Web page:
Fingers on toes make runners fly
BAREFOOT RUNNING has become fashionable in recent years, especially since Christopher McDougall’s seminal Born to Run was published in 2009. McDougall, a journalist, championed barefoot running and at extreme distances, taking inspiration from a hardy tribe of Mexican Indians called the Tarahumara.
His thesis was that modern running footwear, with all its supports and gel-cushioning, actually harms the foot. He also contended that the human being was designed to run for extremely long distance. Ergo, there is nothing more natural than running barefoot for a long, long stretch. His book has become something of a bible for barefoot-running enthusiasts.
Into that barefoot space, Vibram FiveFingers fits – literally and figuratively – like a glove. It is hardly a shoe, more like a reinforced glove that fits on your foot. It is the leading brand of what are described as “minimalist” footwear – the nearest the shod foot can get to being unshod. It has a thin, flexible sole (Vibram makes soles for mountaineering boots) and a soft upper with an individual section for each toe.
On a sodden Tuesday morning in Dublin’s Phoenix Park, Owen Loughrey gives a demonstration of this strange, hybrid pair of yokes. The Cork-based Belfastman had been running for years but was prone to injury and was beginning to find it all a bit of a slog. A friend told him about barefoot running and, his interest piqued, he bought a pair from Vibram online and his passion for running immediately revived.
“It opened my eyes. From the moment I got them I was blown away. It changed the way I thought about running.”
Loughrey, however, was put out that the shoe wasn’t available in Ireland. The company told him it had no presence here. And that was how barefoot.iewas born. Loughrey distributes Vibram’s range of shoes in shops and online in Ireland.
Trying out the footwear leads to a number of new experiences. Firstly, it is tricky at the start to get your five toes into the correct sections, and it feels weird for a little while. Secondly, you imagine it’s going to be hard on your feet but it’s far more comfortable than you imagine. And thirdly, you have to make major adjustments in running technique.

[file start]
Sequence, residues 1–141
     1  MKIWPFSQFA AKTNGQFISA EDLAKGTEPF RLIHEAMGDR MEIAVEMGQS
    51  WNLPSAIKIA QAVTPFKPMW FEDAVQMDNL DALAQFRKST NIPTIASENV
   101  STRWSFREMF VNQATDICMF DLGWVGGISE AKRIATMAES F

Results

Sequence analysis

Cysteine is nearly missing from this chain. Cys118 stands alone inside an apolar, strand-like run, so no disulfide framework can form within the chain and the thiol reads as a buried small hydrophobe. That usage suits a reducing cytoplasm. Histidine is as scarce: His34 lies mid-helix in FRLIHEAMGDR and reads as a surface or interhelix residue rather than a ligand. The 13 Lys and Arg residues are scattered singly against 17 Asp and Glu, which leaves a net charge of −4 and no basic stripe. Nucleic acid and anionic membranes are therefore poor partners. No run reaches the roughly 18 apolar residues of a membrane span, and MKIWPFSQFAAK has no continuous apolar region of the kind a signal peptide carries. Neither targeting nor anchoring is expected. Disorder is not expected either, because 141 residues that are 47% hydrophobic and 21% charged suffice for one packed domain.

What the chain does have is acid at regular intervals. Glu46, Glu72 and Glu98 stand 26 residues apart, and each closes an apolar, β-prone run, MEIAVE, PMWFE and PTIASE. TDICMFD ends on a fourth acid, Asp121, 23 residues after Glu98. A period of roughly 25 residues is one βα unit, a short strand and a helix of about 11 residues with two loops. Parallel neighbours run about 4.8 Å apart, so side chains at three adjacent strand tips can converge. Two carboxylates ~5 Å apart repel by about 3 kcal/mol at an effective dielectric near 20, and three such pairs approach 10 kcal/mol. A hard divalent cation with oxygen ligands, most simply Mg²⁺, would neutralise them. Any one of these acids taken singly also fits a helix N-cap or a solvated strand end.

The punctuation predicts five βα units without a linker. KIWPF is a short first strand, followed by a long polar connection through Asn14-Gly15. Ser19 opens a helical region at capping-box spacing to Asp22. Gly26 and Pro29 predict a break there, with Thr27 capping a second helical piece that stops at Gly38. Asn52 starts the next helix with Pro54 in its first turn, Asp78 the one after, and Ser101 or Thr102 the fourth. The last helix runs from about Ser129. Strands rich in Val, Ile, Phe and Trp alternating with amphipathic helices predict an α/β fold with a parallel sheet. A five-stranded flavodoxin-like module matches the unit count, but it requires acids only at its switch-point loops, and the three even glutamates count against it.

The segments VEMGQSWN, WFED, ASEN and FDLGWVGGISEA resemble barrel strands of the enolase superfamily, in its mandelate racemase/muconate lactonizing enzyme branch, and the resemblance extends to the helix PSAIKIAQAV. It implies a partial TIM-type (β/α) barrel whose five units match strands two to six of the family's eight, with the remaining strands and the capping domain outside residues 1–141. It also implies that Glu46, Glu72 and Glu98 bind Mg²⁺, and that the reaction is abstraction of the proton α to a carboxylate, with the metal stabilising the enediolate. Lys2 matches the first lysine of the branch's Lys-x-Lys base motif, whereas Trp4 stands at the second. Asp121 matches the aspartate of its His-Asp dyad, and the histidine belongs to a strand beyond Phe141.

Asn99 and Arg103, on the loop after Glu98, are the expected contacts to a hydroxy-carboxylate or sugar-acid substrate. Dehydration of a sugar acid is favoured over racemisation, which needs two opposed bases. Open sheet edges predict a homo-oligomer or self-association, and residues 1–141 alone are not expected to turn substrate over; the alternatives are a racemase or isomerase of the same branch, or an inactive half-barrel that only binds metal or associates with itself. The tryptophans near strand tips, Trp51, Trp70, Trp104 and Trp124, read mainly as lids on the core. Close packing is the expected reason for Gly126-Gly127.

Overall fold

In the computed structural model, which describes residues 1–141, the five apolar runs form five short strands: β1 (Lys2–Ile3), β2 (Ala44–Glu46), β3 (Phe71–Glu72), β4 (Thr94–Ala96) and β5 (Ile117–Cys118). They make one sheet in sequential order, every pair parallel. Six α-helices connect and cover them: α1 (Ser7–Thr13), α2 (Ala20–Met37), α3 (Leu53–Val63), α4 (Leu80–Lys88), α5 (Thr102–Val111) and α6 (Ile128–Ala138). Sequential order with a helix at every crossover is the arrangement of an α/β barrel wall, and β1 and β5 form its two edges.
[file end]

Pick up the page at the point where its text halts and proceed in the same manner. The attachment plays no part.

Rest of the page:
Many runners strike first with their heel before the rest of the sole hits the ground. With barefoot running it is the midfoot-cum-forefoot that hits first, with the heel going down after that. This takes a lot of adjusting, but barefoot enthusiasts argue that this is a more natural way to run. With minimum cushioning and support you engage all 26 bones, 33 joints and 100 muscles in the foot. That leads to a more natural way to run, prevents injury and makes the foot respond like a reflex muscle in the event of an awkward landing. It is a more gentle form of running – in Australia they call it “stealth” and “ninja” running because of its silent nature.
Loughrey hasn’t worn ordinary shoes in more than three years; there are also FiveFinger shoes in leather for more formal wear (the mind boggles!) and models for use in trail-running, mountain-running and watersports. He is convinced the trend towards them is permanent and not another slowly passing fad.
They do take time to adjust to, especially if you have flat feet. You start with very small distances (1k or 2k) and build up gradually. On the first spin, you will wake up the next day with your calfs on fire.
Some say that they are overrated and their benefits are overstated. There is no doubt that they require radical change in the way you run. A study by the University of Wisconsin for the American Council on Exercise concluded that if you want to run in Vibrams, you should be prepared to change your gait pattern.
I have used them a few times since and have found the experience enjoyable, but I’d have to test them more before making the leap. And it is a big leap, surely. At the same time a growing number feel it is worth it to make a leap that ends up striking the forefoot on the ground.